After the death of his mother, teenage Danny visits his father Matt Malloy on a lonesome farm in Australia, where he lives with a girlfriend and her daughter Stevie. The farm has been going... See full summary »
As a child, a girl witnesses her father electrocute a young boy. When she grows into an adult, the ghost of the murdered boy appears to her, and together they set out to expose the crimes of her father.
Ken Elkin is a randy young man who is told that the world is about to end. In a race against time, there's only one goal he wants to accomplish: bedding the love of his life, who just happens to be the local pastor's daughter.
In Sunray, a backwater town on Australia's Murray River, there's little to do but fish or listen to the local radio station. D.J. Ken Sherry arrives from the hustle of Brisbane to run the ... See full summary »
In Meredith, California (a very small town) there was no doctor (only once a week on Wednesdays would a doctor fly in) , so Jesse Maloney (a "Practical Nurse") would take his place for the ... See full summary »
John and Peg are both deaf and they have a six year old daughter, Lisa. On their way to Peg's parents they have a car accident and John is killed. Peg has a nervous breakdown and Peg's ... See full summary »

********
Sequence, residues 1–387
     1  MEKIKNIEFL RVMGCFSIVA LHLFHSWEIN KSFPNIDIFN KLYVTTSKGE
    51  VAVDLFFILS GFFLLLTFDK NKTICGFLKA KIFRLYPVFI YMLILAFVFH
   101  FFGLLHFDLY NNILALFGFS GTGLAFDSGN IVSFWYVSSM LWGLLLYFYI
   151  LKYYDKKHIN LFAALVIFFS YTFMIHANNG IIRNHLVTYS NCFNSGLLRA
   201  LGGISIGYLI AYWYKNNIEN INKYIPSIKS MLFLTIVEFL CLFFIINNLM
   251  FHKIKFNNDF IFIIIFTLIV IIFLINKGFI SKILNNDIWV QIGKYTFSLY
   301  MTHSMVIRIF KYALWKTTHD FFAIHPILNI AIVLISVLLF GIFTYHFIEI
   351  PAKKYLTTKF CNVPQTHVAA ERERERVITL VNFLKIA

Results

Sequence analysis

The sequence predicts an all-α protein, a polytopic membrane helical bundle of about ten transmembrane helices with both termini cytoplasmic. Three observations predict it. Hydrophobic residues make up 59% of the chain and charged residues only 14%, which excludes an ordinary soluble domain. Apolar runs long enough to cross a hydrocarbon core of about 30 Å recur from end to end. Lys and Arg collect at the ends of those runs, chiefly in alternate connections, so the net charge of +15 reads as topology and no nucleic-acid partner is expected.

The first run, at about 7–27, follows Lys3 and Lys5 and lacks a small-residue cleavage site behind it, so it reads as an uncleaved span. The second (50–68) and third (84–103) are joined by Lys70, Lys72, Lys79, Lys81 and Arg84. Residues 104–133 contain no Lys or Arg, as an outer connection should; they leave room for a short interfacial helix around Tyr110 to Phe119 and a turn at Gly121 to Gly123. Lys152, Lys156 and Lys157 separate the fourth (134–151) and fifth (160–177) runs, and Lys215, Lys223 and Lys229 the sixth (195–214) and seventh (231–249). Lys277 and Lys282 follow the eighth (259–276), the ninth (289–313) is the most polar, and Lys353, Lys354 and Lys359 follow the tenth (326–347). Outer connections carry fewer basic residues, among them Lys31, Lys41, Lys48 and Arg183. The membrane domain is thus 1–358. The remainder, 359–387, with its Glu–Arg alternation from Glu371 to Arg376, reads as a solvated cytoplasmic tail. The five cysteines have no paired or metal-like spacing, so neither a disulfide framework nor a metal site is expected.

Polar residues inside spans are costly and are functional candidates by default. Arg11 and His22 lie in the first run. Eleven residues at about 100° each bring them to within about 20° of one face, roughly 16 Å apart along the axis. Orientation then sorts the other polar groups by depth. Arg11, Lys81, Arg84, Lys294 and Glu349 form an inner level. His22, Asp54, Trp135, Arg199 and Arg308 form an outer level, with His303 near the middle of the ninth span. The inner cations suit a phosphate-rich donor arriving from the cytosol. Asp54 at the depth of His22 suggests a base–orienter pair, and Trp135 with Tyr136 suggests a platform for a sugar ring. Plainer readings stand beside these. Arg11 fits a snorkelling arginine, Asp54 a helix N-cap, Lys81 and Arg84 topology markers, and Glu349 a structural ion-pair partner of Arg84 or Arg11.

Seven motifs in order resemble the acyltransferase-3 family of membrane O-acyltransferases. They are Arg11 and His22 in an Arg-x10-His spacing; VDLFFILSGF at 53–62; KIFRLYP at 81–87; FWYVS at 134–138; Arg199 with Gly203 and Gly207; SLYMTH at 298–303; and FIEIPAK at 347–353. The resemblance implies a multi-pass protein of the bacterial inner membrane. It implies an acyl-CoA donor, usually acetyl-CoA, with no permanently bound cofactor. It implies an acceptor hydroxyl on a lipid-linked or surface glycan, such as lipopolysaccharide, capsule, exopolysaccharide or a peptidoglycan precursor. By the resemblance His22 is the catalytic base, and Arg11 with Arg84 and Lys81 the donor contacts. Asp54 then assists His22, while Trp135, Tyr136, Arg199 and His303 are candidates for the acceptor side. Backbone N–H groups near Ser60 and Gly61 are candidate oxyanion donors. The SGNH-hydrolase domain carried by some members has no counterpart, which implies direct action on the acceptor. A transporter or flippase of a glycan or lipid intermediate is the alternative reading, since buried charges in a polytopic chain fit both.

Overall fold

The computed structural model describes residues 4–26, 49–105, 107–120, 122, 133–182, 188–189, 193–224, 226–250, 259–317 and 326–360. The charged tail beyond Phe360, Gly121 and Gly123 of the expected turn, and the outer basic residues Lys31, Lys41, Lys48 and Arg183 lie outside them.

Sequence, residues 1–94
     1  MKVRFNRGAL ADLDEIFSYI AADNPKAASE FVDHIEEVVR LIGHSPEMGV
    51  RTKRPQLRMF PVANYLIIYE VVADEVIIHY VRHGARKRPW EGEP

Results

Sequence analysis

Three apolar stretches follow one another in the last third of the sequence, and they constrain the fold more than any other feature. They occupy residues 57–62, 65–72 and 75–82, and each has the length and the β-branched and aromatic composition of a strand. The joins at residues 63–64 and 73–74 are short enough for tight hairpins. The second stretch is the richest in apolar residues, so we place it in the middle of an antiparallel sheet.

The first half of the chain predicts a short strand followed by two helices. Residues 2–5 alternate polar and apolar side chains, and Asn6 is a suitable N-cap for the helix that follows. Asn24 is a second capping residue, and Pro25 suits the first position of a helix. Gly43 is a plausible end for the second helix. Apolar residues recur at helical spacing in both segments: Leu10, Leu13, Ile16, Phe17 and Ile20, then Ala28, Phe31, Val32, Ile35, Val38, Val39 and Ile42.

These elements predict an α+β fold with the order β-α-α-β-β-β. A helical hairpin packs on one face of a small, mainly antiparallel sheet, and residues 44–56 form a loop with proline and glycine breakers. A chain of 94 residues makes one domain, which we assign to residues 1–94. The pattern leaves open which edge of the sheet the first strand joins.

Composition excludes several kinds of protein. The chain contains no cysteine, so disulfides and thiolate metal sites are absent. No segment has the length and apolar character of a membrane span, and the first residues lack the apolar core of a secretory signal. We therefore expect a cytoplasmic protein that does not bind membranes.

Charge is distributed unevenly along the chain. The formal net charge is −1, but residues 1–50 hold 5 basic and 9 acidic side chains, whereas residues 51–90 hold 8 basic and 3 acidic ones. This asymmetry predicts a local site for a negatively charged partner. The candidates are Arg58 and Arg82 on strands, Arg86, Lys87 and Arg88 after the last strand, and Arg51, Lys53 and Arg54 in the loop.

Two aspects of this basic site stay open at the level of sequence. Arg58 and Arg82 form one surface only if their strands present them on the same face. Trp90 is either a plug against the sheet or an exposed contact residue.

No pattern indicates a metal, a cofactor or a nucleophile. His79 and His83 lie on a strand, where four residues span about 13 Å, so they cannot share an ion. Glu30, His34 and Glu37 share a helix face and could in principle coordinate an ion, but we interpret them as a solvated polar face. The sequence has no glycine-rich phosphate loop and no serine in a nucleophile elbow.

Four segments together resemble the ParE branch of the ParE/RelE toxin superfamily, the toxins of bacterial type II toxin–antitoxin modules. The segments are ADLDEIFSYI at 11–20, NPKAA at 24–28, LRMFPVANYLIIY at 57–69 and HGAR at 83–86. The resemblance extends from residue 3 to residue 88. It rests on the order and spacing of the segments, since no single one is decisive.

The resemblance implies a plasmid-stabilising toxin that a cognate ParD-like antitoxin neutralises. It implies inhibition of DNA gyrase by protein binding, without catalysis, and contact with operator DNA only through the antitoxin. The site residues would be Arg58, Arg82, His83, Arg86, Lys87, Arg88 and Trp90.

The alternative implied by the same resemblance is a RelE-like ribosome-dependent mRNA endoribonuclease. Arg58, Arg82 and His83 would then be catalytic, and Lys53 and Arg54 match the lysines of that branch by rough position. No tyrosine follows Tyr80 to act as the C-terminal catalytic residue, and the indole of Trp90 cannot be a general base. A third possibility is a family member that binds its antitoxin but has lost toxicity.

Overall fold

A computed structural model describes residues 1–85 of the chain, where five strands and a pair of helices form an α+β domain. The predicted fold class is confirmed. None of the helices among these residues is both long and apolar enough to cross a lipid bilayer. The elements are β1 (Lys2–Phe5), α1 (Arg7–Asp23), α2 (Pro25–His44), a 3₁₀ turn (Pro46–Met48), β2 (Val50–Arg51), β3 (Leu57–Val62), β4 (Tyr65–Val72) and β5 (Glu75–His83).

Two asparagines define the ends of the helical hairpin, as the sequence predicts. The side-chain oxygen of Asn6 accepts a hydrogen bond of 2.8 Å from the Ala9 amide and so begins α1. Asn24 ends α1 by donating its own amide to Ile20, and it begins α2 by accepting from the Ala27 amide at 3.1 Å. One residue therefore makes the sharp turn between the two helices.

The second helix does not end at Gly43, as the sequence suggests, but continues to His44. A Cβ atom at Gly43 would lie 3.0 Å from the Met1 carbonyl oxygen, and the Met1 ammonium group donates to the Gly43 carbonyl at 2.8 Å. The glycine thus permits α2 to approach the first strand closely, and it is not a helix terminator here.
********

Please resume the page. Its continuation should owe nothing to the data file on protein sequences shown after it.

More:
Alice's father left when she was a child. She continued to share her life with him in letters that she sent not realising that he never received them. Eventually, they all come back with "... See full summary »
The slowest and most erratic picture I can remember
I like Australian movies. They are alive. But Emma's War is a failure. They never made up their mind about whose war they were portraying; Emma's or her mother's. There are many stories in it and it ends with no story. The initial sequences at the Teosophic School are completely pointless and soon forgotten. The episode of Emma's mother and the US sailor has feeling and good performances. But when the family decides to go to the country, the picture becomes a shambles, and a new story emerges, that of the conscientious objector. Did Australia really treat its conscientious objectors as traitors? Anyhow, this third episode is the only one that has any connection with the movie's title. And it is left unresolved. A very fine performance by Lee Remick (how beautiful she still is!), and a very interesting one by the lovely Miranda Otto is all I would save from what is, besides, the slowest and most tiresome picture of recent years.
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